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Math Help - Prove a sequence is monotone and bounded, and find the limit.

  1. #1
    Junior Member mremwo's Avatar
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    Prove a sequence is monotone and bounded, and find the limit.

    One last thing. So I have this sequence:

    x_1:= 8 \ \mbox{and} \ x_{n+1} =\frac{1}{2}x_n + 2 \ \ \mbox{for all} \ n\in N

    I know that it is strictly decreasing, which makes it monotone, but how would I prove that?

    I also think that the limit is 4 just by looking at the first few terms, which means that since it converges that it is bounded, but I don't know the proper way to prove that either. Help?


    Thanks so much.
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  2. #2
    MHF Contributor FernandoRevilla's Avatar
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    Quote Originally Posted by mremwo View Post
    x_1:= 8 \ \mbox{and} \ x_{n+1} =\frac{1}{2}x_n + 2 \ \ \mbox{for all} \ n\in N I know that it is strictly decreasing, which makes it monotone, but how would I prove that?

    Use induction.

    I also think that the limit is 4 just by looking at the first few terms, which means that since it converges that it is bounded, but I don't know the proper way to prove that either.

    Take limits in both sides of x_{n+1}=x_n/2+2 .

    P.S. You need also prove that the sequence is lower bounded (choose for example 0 as a lower bound) .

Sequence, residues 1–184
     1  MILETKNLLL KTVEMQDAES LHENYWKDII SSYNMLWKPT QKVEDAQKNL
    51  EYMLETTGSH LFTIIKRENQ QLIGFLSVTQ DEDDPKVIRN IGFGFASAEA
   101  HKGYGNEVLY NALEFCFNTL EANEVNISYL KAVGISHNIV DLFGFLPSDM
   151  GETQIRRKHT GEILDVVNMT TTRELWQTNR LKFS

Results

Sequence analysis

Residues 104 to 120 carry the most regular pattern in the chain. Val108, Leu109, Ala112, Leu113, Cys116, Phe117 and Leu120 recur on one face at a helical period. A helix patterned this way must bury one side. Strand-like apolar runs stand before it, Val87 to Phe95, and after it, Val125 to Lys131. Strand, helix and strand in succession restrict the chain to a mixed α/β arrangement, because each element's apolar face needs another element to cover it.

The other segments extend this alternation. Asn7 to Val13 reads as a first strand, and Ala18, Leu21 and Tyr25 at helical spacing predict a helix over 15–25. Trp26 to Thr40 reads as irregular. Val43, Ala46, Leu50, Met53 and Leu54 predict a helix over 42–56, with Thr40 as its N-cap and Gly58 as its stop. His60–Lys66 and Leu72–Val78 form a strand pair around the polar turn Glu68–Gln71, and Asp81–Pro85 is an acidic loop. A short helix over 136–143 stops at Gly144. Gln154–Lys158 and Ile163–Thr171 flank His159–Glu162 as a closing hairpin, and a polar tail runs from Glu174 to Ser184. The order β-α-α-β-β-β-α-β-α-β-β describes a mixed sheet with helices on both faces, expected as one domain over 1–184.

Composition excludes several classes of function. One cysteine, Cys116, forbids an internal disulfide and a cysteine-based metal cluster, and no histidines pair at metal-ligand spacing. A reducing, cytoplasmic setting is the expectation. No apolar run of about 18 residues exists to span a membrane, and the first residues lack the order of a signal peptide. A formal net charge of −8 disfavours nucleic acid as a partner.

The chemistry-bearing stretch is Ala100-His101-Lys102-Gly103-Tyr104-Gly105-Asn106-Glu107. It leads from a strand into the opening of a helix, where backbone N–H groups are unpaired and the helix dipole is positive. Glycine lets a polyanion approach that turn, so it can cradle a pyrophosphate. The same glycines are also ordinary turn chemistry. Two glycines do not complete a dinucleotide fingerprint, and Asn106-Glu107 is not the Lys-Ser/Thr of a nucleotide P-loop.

Fernando Revilla
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  3. #3
    MHF Contributor chisigma's Avatar
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    Quote Originally Posted by mremwo View Post
    One last thing. So I have this sequence:

    x_1:= 8 \ \mbox{and} \ x_{n+1} =\frac{1}{2}x_n + 2 \ \ \mbox{for all} \ n\in N

    I know that it is strictly decreasing, which makes it monotone, but how would I prove that?

    I also think that the limit is 4 just by looking at the first few terms, which means that since it converges that it is bounded, but I don't know the proper way to prove that either. Help?


    Thanks so much.
    The difference equation can be written as...

    \displaystyle \Delta_{n}= x_{n+1} - x_{n} = 2 - \frac{x_{n}}{2} = f(x_{n}) (1)

    The f(*) is linear and is represented here [black line]...



    There is only one 'attractive fixed point' at x_{0}=4 and because for all x is |f(x)|\le |x_{0}-x| , all the possible x_{1} will produce a sequence monotonically convergent in x_{0}. Of course if x_{1}< x_{0} the sequence will be increasing, if x_{1}>x_{0} decreasing...

    Kind regards

    \chi \sigma
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  4. #4
    Member SENTINEL4's Avatar
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    To show that it is monotone :
    x_1=8 and x_2=6 so x_1>x_2 . Suppose that x_n>x_{n+1} then : \frac{1}{2}x_n>\frac{1}{2}x_{n+1}\Rightarrow\frac{  1}{2}x_n+2>\frac{1}{2}x_{n+1}+2 \Rightarrow x_{n+1}>x_{n+2} so it's decreasing.
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